Karen E. Knudsen, M.B.A., Ph.D., will become the first female chief executive officer (CEO) in the 107-year history of the American Cancer Society (ACS). She will be the first scientific and oncology researcher to serve in the top staff position in the modern era.
Knudsen also will become CEO of the American Cancer Society Cancer Action Network (ACS CAN), its advocacy affiliate, effective June 1. She will succeed Gary Reedy, who is retiring and has served as both organizations’ CEO since 2015.
The hiring of a female CEO signals a new era for ACS, where all of its past top leaders were men, even though its Women’s Field Army was credited for building what became the modern American Cancer Society, according to an ACS announcement.
Knudsen currently serves as executive vice president of Oncology Services and enterprise director for Sidney Kimmel Cancer Center at Jefferson Health in Philadelphia, one of 71 National Cancer Institute-Designated Cancer Centers recognized for its research and impact on cancer outcomes.
She is the president of the Association of American Cancer Institutes (AACI), where her platform has focused on diversity, equity and inclusion (DEI), and serves on the board of directors for the American Association of Cancer Research (AACR) and the board of advisors for the National Cancer Institute (NCI). She is active in committees for the American Society for Clinical Oncology, in addition to serving on other academic and for-profit advisory boards.
Knudsen holds a bachelor’s degree in biology from the George Washington University; a Ph.D. in biological sciences from the University of California San Diego; and an M.B.A. from Temple University Fox School of Business.
“Dr. Knudsen is exactly what the American Cancer Society needs right now,” John Alfonso, CPA, chairman of the ACS Board of Directors, said via a statement. “She is an accomplished researcher, innovative healthcare executive, dynamic leader of a prestigious cancer center, and true thought leader in the fight against cancer nationwide,” he said.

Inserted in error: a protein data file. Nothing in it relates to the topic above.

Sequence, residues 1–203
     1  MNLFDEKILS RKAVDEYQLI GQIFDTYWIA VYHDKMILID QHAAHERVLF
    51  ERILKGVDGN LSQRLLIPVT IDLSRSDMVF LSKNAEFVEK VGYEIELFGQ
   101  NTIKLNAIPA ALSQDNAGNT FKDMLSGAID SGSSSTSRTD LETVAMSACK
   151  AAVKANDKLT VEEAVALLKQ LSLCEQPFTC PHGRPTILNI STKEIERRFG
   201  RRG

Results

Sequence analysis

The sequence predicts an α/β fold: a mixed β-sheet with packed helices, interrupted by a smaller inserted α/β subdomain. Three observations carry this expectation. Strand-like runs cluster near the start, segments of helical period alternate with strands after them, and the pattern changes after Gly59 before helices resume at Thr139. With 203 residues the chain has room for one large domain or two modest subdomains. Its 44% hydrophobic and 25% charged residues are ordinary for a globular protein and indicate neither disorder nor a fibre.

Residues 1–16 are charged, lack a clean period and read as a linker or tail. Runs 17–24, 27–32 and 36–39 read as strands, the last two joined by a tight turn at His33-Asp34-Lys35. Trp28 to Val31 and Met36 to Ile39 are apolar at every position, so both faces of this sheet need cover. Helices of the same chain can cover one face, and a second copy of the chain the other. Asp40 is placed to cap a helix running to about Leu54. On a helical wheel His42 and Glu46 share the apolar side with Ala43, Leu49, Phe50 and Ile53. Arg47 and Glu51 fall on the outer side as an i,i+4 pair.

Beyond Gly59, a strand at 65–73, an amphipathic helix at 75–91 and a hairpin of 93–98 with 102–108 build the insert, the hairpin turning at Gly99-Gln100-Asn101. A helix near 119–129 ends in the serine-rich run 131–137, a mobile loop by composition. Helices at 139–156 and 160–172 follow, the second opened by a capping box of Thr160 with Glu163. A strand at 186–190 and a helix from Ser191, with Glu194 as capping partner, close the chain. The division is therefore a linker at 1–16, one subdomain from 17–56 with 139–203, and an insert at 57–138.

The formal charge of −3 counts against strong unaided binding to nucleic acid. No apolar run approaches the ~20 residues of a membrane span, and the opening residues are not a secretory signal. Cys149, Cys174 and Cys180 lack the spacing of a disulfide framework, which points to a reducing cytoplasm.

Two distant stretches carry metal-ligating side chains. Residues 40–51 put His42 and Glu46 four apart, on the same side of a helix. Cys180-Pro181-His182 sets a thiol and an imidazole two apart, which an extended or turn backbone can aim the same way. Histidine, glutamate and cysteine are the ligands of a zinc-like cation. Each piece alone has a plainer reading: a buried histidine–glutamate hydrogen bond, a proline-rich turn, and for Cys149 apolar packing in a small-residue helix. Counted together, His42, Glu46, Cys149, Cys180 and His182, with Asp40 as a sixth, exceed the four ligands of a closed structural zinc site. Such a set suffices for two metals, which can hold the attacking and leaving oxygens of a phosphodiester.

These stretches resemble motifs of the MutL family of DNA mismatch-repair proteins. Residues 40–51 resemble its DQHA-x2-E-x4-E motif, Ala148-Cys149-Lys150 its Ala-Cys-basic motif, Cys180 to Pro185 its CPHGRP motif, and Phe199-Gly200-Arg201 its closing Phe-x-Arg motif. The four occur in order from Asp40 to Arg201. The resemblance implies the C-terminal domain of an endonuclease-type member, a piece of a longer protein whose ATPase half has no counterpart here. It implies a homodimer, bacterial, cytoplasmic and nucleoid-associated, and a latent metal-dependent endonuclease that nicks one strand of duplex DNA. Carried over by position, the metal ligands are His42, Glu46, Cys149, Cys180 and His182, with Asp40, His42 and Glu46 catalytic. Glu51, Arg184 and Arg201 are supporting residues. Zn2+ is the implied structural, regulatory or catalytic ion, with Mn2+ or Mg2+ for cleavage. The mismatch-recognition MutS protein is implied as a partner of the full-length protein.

Knudsen expects to spend time initially listening to and learning from the American Cancer Society’s various stakeholders, but she’s also eager to work with volunteers and staff to shape the vision and deliver tangible results. “As director of the Sidney Kimmel Cancer Center at Jefferson Health, I’ve experienced firsthand how the American Cancer Society improves the lives of cancer patients and their families through discovery, advocacy, and direct patient support,” Knudsen said.
The ACS Cancer Action Network, which advocates for evidence-based public policy change to make cancer a top nationwide priority. AACI is also an important voice in advocating for funding for cancer research and access to care, including patient access to research innovations. AACI is a member of the One Voice Against Cancer Coalition, which was founded by ACS CAN in 2000 to bring public health organizations together to advocate for greater federal investments in cancer research.
Reedy has been CEO since 2015 after serving as president of the board. He succeeded John Seffrin, who retired in 2014 after many years as CEO of ACS and its Cancer Action Network. In the most recent tax Form 990, Reedy earned total compensation of $1 million, including base compensation of about $706,000 and bonus and incentive compensation of $185,000, as well as $91,000 as CEO of the Cancer Action Network.
Headquartered in Atlanta, ACS reported total revenue of $734 million in the most recent fiscal year, which ranked No. 28 in The NonProfit Times’ 2020 NPT 100, a study of the largest nonprofits in the United States that derive at last 10% of revenue from public support.